Hate crimes targeting Jewish people recorded by police more than doubled in a year across England and Wales, official figures show.
Data published on Tuesday found that nearly half of religious hate crimes (47 percent) were against Muslim people, with 3,530 offences in 2018/2019, compared with 2,965 the previous year.
Hate crimes against Jewish people more than doubled, with the community targeted in 18 per cent of religious hate crimes. Police recorded 1,326 such offences in 2018/2019, compared with 672 in the previous year.
Police in England and Wales recorded 103,379 hate crimes overall in 2018/2019. This is 10 percent higher than the previous year, and the number has more than doubled since the 2012/13 figure.
Over half of hate crimes were public order offences, while a third (36 percent) involved violence and another 5 percent were criminal damage or arson.
The figures also found a large increase in offences against people based on sexual orientation (25 percent) and transgender identity (37 percent). Disability hate crimes increased by 14 percent to 8,256, the data showed.
The increase could be due to improvements in how crimes are recorded but there were spikes after events such as the EU referendum and terrorist attacks in 2017, the Home Office said.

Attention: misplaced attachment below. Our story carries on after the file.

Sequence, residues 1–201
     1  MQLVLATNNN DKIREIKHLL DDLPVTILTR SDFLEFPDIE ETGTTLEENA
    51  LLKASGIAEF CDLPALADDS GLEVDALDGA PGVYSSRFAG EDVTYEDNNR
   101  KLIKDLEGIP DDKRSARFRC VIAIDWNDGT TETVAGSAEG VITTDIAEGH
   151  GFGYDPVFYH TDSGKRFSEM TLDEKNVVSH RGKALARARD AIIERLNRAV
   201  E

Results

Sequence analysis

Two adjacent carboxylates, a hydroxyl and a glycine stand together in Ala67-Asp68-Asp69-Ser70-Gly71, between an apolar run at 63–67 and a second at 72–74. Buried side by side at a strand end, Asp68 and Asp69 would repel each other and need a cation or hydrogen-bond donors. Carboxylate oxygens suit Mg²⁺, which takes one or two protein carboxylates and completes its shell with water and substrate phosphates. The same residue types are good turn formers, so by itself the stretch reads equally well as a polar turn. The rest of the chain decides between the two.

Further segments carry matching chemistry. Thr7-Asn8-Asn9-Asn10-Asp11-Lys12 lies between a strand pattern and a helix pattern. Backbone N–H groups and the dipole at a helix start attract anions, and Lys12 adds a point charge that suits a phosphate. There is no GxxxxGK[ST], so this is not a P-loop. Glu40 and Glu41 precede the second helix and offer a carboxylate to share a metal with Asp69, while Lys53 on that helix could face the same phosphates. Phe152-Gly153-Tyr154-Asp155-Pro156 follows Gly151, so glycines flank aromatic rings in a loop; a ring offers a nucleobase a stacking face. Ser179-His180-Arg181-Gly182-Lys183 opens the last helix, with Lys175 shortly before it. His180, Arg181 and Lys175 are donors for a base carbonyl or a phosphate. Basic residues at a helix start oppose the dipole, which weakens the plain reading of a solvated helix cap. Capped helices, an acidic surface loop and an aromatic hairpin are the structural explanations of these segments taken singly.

Citizens UK, which published a separate survey on hate crime, said levels of hate crime across the UK could be “far higher” than offcial figures suggest.
The group released a joint statement by 18 faith leaders and charity bosses expressing “deep concern at the rising tide of fear and division in society and the erosion of trust in public institutions.”
Rabbi Robyn Ashworth Steen, of Jackon’s Row Synagogue in Manchester said: “Too many people feel that there’s no support and that’s why I’m involved in this work and supporting calls for better laws.”
Matthew Bolton, the executive director of Citizens UK, said: “Communities from across the UK are increasingly concerned that we aren’t going fast enough or far enough to strengthen hate crime protections.
“Political, media and institutional decision-makers need an action plan to stop the toxic mix of scare stories on social media and a divisive political environment, which is providing a breeding ground for hate.”
A government spokesperson said: “Any incident of hate crime is completely unacceptable. No one should be targeted because a hateful minority cannot tolerate the differences that make our country great.
“We are encouraged that more people are willing to report hate crime and that police continue to improve their response to victims.
“Partners across the criminal justice system, government and in the community are working hard to empower those affected and ensure perpetrators are punished.”
The Community Security Trust’s annual report, published in February, found antisemitic incidents rose by 16 percent to 1,652 in 2018 from 1,420 the previous year.